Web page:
If you were thinking that ghost carp fish or ghost mirror carp have some supernatural properties, we hate to break it to you but the ghost koi carp is just one of the many variants of koi. Although it won’t magically appear in a koi pond at midnight and give the koi fish in the pond a heart attack, the breed can actually be pretty interesting. What is a ghost carp, what makes it special, and why is it a coveted fish? All these and more will be tackled in this quick guide.
Hopefully, we’ll be able to help you arrive at a conclusion as to why this koi fish suddenly became so popular and if you should go get one to add to your koi collection. Let’s dive right into it!
What is Ghost Carp Fish?
Unlike most koi fish, ghost carp have British origins. A farmer back in the 1980s bred a mirror carp with metallic Ogon Koi, resulting in the ghost koi fish. As it’s a fairly new breed, there are many koi enthusiasts and breeders that don’t recognize it as true koi.
Its origins notwithstanding, you’ll be able to find lots of people fascinated by the appearance of ghost koi. As such, the koi variant has been bred until now.
Distribution and Habitat
Although the majority are bred in captivity, ghost carp and other koi variants can also be found in public waterways.
Generally speaking, carp are native to parts of Asia and eastern Europe. Carp and other subspecies are widespread, reaching as far as Azerbaijan and Croatia. Now, they’re introduced to over 80 countries far from their native range. It’s not impossible to find carp in the USA, Canada, Chile, Guatemala, and Guyana.
Ghost koi, in the wild, can tolerate slow-moving bodies of water but they prefer still waters. In some locations, carp are in brackish waters.
What’s great about carp, in general, is it’s a hardy species. It can tolerate different water temperatures from 3°C to 33°C and survive in waters that aren’t very oxygenated as the species can breathe at the surface.
In winter, ghost koi and other variants move deep into a body of water and search for warmer water.
A ghost carp is heavy and large with a deep body. It’s a gully scaled fish while other variants can have fewer scales like leather and mirror carp.
But, just like all carp species, ghost carp don’t have scales on the head. It has long dorsal fins and the color can differ. Ghost koi can still differ in coloration.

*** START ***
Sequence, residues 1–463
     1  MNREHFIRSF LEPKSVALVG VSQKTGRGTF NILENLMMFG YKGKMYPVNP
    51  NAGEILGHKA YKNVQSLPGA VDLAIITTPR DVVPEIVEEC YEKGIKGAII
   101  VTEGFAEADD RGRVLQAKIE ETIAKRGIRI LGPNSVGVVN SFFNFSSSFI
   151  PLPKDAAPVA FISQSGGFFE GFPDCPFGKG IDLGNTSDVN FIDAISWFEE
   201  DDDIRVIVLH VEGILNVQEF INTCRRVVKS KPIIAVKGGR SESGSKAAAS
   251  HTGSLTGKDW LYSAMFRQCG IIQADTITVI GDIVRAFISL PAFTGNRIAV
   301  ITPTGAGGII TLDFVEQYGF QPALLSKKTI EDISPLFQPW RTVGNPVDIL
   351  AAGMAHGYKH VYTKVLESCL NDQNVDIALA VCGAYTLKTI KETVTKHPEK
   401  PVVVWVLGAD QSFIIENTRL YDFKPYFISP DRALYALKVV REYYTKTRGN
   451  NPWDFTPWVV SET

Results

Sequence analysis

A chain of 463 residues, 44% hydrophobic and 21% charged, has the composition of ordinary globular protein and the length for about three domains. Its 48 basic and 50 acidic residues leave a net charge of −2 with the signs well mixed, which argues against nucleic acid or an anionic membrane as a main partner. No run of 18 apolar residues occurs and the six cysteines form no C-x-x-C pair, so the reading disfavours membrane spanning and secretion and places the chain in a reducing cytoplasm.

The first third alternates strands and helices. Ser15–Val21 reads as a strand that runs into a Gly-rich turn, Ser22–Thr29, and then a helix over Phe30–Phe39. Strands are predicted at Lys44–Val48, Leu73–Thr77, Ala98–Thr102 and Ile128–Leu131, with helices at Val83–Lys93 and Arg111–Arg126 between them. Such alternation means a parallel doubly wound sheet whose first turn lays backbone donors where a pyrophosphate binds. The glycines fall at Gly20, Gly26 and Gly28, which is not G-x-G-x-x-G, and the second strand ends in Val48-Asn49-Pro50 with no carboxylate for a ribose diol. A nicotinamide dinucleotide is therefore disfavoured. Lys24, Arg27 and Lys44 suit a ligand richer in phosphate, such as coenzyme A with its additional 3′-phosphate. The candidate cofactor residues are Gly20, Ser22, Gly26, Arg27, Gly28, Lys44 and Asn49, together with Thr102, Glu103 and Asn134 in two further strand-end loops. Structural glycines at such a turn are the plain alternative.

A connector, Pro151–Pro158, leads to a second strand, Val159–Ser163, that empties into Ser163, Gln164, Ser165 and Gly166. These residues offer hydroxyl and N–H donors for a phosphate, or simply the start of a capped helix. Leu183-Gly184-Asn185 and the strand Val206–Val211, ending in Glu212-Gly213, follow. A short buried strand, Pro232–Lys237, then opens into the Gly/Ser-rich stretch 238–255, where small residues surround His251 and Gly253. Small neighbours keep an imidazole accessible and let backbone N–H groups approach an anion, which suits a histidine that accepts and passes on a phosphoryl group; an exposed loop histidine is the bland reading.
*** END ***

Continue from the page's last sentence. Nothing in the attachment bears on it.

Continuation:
There are those that have a pure, uniform color while others have black or metallic patterns spread throughout their bodies. There’s a yellow ghost carp created by breeding common carp or mirror carp with Yambuki.
The colors of ghost koi develop and brighten when they mature. Like other carp species, the ghost koi have upper jaws that slightly protrude and thick, rubbery lips.
Carp don’t have teeth; however, they have powerful pharyngeal teeth that are able to crush whatever they feed on before being swallowed by the fish.
Feeding and Spawning
Ghost carp can be incredibly greedy. They are omnivorous and will search for anything edible present in the water. They can even cause disruption on the bottom when finding food, which is why they’ve also been labeled as ‘freshwater pigs.’
As with most carp species, ghost koi will feed at any depth and feast on algae, mollusks, invertebrates, snails, aquatic plants, and freshwater shrimp.
As a ghost koi reaches sexual maturity, it begins to spawn. This is between two to three years of age. Timing the spawning of carp will depend on its living environment. When the water temperature reaches 16-22°C, that’s usually when they spawn.
In the UK, spawning is in early summer or late spring. When the time is right, carp will move to an area that has thick weeds in shallow water. It’s been recorded that carp have a preference for spawning after heavy rainfall and the water rises.
The yellow or orange eggs of ghost carp are sticky and they will be attached to weeds. The female carp lays a million eggs and is able to spawn more than once every season.
Unlike other species, ghost koi don’t protect their eggs from predators. It will take 3 to 8 days for the eggs to hatch, but this will depend on the area and water temperature of where they’re deposited. Juvenile carp remain attached to vegetation for the next 3 to 4 days up until they’ve fully consumed their yolk sac.
How to Catch Ghost Carp
Ghost carp are actively fished in still waters. A lot of fisheries across the globe, including the US, advertise if they have ghost koi.
Take note: they can be hard to locate. Ghost koi are prized fish by anglers as they’re thought to be intelligent and a challenge to catch.
If you are able to find a good fishery that stocks the fish, try various locations in the water to locate them. Look out for overhanging trees and any overhanging vegetation as ghost carp use the areas for cover.
In terms of the bait, pellets are the most preferred bait by most carp anglers, including us. But, other tried and tested ones include worms, peanuts, dog biscuits, maggots, sweetcorn, red worm, brandlings, mussels, bread, and luncheon meat. You can add extra flavor to luncheon meat so it has a more pungent smell.
As always, we suggest you try bringing with you different baits. Keep on changing if you’re not getting action or interest.
If you’re intrigued by the beauty, mystique, and wits of ghost carp, make sure you’re ready for quite the challenge as it can be hard to catch them. Don’t be afraid of ‘pushing the envelope.’
Persist in catching these magnificent creatures as they’re definitely able to make you feel accomplished as you hold up your prize to pose for a picture!